Notes From Norm: Listen to the Voters
A Lame Duck is, as its name implies, unlikely to survive very long before it succumbs to its frailties.
With that, one will hope that the current Lame Duck Congress has a very limited life span.
A larger GOP House Majority, and a new and substantial GOP Senate Majority, will come to full bloom and life in January – and, just in time to take over from the pale and gasping Lame Duck Congress that has survived far beyond its expiration date.
That the current Lame Duck President will remain in the White House for another two years is not without some disappointment. The President has by his words, and his deeds, made it clear that little change is in store from his Administration.
As we look ahead to 2015 we know there remains work that must be done in 2014. And, for my friends on the GOP side of the aisle, I am hopeful they will support the efforts of Speaker Boehner to act responsibly and assertively in the weeks ahead.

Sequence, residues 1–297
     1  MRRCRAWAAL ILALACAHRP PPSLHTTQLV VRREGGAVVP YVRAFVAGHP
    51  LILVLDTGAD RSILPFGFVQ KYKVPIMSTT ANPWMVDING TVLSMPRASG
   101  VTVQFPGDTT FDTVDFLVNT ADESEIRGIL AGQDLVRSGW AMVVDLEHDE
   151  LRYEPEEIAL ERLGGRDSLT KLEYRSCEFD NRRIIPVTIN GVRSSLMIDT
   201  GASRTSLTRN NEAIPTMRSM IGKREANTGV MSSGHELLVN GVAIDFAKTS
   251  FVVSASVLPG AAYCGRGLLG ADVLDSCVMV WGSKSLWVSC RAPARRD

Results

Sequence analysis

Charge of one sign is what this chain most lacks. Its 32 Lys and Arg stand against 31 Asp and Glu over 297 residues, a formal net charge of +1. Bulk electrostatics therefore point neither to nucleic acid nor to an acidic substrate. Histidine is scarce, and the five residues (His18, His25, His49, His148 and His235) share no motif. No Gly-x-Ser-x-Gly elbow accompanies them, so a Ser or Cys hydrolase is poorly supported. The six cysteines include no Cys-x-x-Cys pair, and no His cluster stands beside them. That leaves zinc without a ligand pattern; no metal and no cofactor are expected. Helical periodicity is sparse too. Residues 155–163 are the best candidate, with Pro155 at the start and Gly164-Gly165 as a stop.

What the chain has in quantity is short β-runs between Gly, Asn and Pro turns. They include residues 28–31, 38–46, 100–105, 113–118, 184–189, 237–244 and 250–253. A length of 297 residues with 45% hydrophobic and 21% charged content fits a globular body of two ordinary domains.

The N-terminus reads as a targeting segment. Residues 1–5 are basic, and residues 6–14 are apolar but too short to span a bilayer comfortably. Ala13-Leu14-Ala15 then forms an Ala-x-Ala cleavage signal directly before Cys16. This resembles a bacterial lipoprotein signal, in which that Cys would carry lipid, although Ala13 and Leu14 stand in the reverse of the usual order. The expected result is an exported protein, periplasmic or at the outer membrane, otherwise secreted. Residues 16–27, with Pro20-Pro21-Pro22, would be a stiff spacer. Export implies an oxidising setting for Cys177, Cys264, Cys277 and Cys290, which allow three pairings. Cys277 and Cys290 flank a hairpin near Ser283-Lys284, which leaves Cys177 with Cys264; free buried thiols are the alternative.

This includes avoiding the kind of toxic political tactics that were espoused during the foolish government shutdown of recent times that nearly destroyed the Republican brand.
It’s been said that any jackass can kick down a barn, but it takes a good carpenter to build one.
It’s time for the GOP to be the builders of our nation’s future and kick down the absurd approach of those in our party who whose tactics undermine support for our cause and play into an image of being the party of “No”.
While Harry Reid and the Democrats still control the U.S. Senate for a few more weeks, and Barack Obama will still be the President for the next couple of years, the American people have already pivoted into assuming that Republicans will be, by and large, in control of running the government.
And, not just on the national level, either. With more GOP Legislatures – and more GOP Governors – there is great risk and opportunity for the party – as well as potential promise for the country.
In the Minority there is the operating assumption that the GOP’s role was to stop the worst of the excesses of the President and his party from being enacted into law.
Where they could not stop it, it was important to ensure that the voices of opposition were heard – even if those voices were largely symbolic given the odds against actual success in stopping the President.